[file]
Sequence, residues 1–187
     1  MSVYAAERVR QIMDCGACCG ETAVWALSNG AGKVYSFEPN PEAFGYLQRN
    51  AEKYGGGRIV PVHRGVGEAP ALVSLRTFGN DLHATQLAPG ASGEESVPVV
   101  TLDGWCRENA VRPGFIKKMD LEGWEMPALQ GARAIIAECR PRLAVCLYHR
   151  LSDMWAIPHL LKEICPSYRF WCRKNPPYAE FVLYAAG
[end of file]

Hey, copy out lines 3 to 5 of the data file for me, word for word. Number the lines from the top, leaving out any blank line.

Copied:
    51  AEKYGGGRIV PVHRGVGEAP ALVSLRTFGN DLHATQLAPG ASGEESVPVV
   101  TLDGWCRENA VRPGFIKKMD LEGWEMPALQ GARAIIAECR PRLAVCLYHR
   151  LSDMWAIPHL LKEICPSYRF WCRKNPPYAE FVLYAAG